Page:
The field of social psychology can be understood as a balancing act between sociology and psychology. Social psychology leans more toward the side of psychology concentrating on the influence of society on the individual, rather than the influence of the individual on society, but a balance must be achieved because the interaction flows in both directions. This paper will help to define the term social psychology, the impact of the four key characteristics of social psychology, and provide a brief overview of the five core social motives. This overview of social psychology should enhance the reader’s understanding of the field and the importance of one person within society.
Social Psychology Defined
“Social psychology is the scientific attempt to understand and explain how the thoughts, feelings, and behaviors of individuals are influenced by the actual, imagined, or implied presence of other human beings” (Allport, as cited in Fiske, 2004, p. 4). The study of the individual’s thoughts, feelings, and actions is incomplete without understanding the influences and interaction of the society or people surrounding that individual. While researchers may study intricate details of human psychology in individuals such as in neurobiology, those studies will be incomplete when attempting to describe the entire condition of the individual if the individual’s surrounding culture and his or her interaction with that culture is ignored. Social psychologists examine the influence of the individual in society and conversely, the influence of society on the individual. Social psychology is a systematic outline of the principles and rules in which those influences occur (Newcomb ; Charters, 1950).
The Four Key Characteristics of Social Psychology
The influence one person has on others can be understood by examining the four key characteristics of social psychology: situations, motives, adaptation, and culture (Fiske, 2004). The interaction of individuals with society within situations gives context to an individual’s personality. The motives of the individual are tempered in the situations facing the person. The ability of the individual to adapt to change and to meet personal needs by complying with the demands of the surrounding culture is essential to an individual’s survival and success.
Situations and Motives
The first and second key characteristic to consider in social psychology is that of situations and motives. These two keys are complimentary. The influence of situations on the motives of an individual is often more important than the personality of the individual in determining how a person responds to stimuli (Fiske, 2004). For example, given that a person is motivated to plant a garden, the situation of the weather will influence a person to not plant the garden if the weather forecast predicts thunderstorms.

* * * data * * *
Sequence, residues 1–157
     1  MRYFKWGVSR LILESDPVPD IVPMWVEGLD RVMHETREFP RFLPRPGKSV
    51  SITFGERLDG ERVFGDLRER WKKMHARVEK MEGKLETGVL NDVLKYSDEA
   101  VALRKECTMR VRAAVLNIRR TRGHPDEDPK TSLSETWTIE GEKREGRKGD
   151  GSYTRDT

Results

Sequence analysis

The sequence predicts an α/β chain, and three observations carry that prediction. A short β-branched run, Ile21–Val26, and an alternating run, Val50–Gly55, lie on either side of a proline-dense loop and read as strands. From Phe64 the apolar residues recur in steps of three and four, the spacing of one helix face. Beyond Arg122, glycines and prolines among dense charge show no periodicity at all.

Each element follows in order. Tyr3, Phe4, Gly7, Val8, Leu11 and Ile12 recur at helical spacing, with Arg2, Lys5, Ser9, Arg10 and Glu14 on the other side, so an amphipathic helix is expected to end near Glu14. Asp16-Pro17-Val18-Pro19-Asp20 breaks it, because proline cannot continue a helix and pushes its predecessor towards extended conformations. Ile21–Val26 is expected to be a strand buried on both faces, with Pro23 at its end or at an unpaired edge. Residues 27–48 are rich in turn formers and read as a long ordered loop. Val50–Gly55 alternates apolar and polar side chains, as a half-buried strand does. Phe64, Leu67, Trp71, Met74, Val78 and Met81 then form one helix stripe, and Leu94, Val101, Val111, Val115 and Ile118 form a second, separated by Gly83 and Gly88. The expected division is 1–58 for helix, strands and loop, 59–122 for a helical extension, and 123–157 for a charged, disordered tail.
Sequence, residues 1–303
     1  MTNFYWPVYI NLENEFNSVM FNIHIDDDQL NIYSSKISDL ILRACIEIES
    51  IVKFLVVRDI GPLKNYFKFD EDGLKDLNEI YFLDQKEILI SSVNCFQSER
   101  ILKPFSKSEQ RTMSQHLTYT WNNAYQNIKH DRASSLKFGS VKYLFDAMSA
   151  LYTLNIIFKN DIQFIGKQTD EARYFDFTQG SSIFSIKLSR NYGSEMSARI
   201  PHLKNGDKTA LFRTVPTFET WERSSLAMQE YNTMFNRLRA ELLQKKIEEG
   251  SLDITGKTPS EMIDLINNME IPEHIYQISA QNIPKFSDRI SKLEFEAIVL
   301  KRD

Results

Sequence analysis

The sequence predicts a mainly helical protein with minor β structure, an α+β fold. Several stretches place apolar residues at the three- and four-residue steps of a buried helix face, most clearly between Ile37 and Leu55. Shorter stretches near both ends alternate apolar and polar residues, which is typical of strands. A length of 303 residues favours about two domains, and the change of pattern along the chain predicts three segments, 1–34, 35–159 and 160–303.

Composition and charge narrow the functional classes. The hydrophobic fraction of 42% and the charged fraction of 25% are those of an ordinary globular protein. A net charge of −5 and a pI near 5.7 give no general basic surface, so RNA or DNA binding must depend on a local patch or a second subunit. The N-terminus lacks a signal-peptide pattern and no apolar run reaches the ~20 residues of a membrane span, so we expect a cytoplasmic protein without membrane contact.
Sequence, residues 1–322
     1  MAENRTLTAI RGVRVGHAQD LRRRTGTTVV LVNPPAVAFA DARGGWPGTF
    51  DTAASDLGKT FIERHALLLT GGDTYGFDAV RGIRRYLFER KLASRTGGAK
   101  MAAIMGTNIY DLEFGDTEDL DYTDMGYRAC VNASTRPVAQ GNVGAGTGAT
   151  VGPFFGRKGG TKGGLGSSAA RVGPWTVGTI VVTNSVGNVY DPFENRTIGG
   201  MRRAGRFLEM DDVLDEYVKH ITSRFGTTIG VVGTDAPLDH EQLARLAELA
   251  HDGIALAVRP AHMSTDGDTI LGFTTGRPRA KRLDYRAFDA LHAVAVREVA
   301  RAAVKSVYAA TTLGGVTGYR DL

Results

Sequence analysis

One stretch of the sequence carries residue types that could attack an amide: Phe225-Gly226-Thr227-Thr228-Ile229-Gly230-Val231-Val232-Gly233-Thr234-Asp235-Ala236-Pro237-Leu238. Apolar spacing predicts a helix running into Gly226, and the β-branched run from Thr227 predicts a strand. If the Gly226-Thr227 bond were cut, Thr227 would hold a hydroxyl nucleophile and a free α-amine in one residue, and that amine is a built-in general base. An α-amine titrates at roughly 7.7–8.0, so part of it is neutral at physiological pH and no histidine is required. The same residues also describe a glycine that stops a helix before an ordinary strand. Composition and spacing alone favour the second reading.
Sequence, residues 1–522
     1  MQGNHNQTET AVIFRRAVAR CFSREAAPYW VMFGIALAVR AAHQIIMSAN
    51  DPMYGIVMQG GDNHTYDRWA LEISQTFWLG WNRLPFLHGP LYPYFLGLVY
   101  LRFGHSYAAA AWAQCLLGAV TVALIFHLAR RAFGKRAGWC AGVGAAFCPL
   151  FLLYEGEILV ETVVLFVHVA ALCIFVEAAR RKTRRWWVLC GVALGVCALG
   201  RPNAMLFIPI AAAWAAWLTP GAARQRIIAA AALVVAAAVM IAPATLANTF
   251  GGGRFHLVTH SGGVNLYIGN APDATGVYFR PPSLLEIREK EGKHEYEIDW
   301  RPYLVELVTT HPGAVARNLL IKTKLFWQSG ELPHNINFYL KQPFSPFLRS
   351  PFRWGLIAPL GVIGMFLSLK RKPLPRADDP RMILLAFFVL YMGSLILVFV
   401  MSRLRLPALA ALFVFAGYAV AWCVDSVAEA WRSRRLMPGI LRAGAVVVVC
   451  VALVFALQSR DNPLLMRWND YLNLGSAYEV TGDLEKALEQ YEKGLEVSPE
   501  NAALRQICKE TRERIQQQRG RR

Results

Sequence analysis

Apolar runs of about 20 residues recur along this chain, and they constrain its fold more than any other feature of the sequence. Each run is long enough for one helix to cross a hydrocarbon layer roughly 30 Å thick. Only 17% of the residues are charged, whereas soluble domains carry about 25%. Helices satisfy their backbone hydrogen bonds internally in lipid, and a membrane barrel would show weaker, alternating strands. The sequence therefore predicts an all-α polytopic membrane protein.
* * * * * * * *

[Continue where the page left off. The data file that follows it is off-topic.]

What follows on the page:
Or given the motivation that an individual is wants to find a sexual companion without the responsibilities of long-term commitment, the situation of having abundant money available may influence a person with an intense sexual desire (a strong motive) to hire a prostitute. Motivation refers to a state of dissatisfaction or disequilibrium in an individual (Newcomb ; Charters, 1950) which can be fulfilled by a particular situation in the environment or by interacting with other people. The intensity of the inner motive (the sexual desire) is directed toward the availability of the outer motive (the prostitute) and given credence by the situation (the availability of money).
Adaptation and Culture
The third and fourth key characteristics of adaptation and culture are also complimentary to one another. Culture does not exist without the interaction of individuals who adapt to and live in that culture. Since every individual is unique, every individual must make some sort of adaptation in order to conform to the norms of a culture. Individuals who adapt to and remain in a culture ultimately pass that culture to the next generation. When adaptation in a culture fails, then that culture becomes extinct (Newcomb ; Charters, 1950), as in the case of many Native Americans cultures at the turn of the twentieth century.
The Concept of Situationism
Fiske (2004) defines situationism as “a response to people’s social situation, not a function of individual personality.” People place too much importance on the power of personality in making decisions (Fiske, 2004). Social situations influence individual behavior. Social psychologist use situationism rather than personality to explain behavior because personality is complex enough to deserve study in a separate field. While personality alone is not accurate in predicting behavior in any situation, the power of both social situation and personality has been shown to be an accurate predictor of behavior.